March 10, 2011
Stanford University faced questions Wednesday about whether it provided its student athletes with a list of allegedly easy courses.
The controversy emerged as two student reporters from California Watch discovered the list, which was distributed to student athletes by the University's Athletic Academic Resource Center. The list has long had a reputation among some athletes of highlighting easy courses. Karissa Cook, one of Stanford's women's volleyball players, said, "It's definitely not going to be a hard class if it's coming off that list."
Stanford spokeswoman Lisa Lapin told Inside Higher Ed via email that the list was never meant to direct students to easy courses. Instead, Lapin noted, the criteria required that classes "meet common General Education Requirements; (are) offered at times of day when more athletes are available; (are) 1- or 2-unit seminars that athletes often will need to make sure they are meeting their 12 unit enrollment requirement (i.e. the dance class); (are) very popular classes with all undergraduates; or (could) provide information that would be particularly helpful to athletes, such as public speaking, financial literacy, and entrepreneurial thought."
But Ryan Mac, one of the reporters who uncovered the list, told San Francisco's ABC7 that many of the courses did not meet the criteria Lapin provided. "Some of the classes on the list didn't fulfill any general education requirements," said Mac. "There's things like social dance, which is a dance class."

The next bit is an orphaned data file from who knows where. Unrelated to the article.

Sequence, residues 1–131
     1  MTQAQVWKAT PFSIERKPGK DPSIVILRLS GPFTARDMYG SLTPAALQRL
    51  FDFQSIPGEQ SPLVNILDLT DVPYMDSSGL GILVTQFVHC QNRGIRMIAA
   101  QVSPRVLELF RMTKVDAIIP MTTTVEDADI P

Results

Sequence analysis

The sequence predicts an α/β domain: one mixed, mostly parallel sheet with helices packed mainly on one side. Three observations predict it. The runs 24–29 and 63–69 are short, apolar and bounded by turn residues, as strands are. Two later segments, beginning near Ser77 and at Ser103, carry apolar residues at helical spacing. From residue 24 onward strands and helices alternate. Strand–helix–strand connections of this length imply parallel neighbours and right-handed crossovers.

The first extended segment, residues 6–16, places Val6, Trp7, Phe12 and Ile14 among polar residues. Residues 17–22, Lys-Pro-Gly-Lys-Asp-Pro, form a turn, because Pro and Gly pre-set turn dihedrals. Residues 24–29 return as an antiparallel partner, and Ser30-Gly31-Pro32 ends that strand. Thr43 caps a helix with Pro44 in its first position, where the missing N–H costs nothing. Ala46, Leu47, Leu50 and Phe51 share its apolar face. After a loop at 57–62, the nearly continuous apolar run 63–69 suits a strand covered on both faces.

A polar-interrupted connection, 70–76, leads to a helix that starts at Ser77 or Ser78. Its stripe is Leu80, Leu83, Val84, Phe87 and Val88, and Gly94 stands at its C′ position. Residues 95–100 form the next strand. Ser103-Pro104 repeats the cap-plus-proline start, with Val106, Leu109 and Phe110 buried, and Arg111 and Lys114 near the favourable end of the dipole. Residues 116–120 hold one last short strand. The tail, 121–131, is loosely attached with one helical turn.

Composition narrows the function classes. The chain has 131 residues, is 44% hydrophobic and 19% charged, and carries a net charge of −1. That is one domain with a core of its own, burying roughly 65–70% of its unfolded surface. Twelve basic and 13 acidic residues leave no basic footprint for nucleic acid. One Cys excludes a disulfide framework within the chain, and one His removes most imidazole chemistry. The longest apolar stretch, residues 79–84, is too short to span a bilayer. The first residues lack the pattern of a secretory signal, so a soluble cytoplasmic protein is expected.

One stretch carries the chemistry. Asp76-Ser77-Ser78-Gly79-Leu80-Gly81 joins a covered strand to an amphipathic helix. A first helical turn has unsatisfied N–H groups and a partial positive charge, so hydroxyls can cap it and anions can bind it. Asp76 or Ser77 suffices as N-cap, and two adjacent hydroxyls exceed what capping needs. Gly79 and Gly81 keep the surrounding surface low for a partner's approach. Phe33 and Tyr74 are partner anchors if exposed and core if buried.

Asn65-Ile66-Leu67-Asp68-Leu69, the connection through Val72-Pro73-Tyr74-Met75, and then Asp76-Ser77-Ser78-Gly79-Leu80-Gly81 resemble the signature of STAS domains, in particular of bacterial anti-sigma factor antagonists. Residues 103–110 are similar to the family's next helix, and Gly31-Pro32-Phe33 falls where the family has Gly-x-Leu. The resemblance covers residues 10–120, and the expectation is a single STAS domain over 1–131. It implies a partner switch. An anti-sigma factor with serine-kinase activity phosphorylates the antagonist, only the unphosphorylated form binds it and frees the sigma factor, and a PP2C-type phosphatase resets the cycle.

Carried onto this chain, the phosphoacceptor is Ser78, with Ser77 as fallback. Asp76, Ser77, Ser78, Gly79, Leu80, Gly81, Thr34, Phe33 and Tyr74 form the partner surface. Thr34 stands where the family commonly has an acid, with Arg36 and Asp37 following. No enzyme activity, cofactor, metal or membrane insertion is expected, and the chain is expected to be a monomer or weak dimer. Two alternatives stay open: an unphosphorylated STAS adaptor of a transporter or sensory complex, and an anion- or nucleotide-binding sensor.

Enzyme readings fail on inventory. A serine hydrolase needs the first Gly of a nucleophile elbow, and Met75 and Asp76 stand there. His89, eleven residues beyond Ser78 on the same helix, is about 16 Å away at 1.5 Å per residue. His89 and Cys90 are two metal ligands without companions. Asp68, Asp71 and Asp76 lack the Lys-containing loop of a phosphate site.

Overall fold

Lapin told Inside Higher Ed that she could not explain why the list failed to include some courses that met the criteria, but included others that did not.
Students learned about the list mostly by word of mouth. Susan Simoni Burk, a former Stanford athletics official who oversaw the center's advising program between 1995 and 2009, told ESPN that "[Copies of the list] were put on the table, and unusually they were gone within the first day."
Lapin told Inside Higher Ed that despite reports that Stanford had discontinued the list, no formal action had taken place. Meanwhile, ESPN reports that Stanford's athletics department denied the list even existed when Sociology professor Cecilia Ridgeway contacted them to request that one of her courses be removed.
Gerald Gurney, president of the national Association of Academic Advisers for Athletics, told California Watch that while he was unaware of the circumstances at Stanford, a list that indeed directs students toward an easier course load is unethical.
"The course list in itself isn't a violation," said Gurney, "but promoting courses because they're easy isn't, ethically, something that academic advisers should do."
Compiled by CityTownInfo.com Staff
"'Courses of Interest' for Athletes," insidehighered.com, March 10, 2011, David Moltz
"Stanford athletes had access to list of 'easy' classes,'" californiawatch.org, March 9, 2011, Amy Julia Harris and Ryan Mac
"List may point Stanford athletes to easy classes," ABCLocal.go.com, March 9, 2011, Ken Miguel
"Stanford halts class list for athletes," ESPN.com, March 9, 2011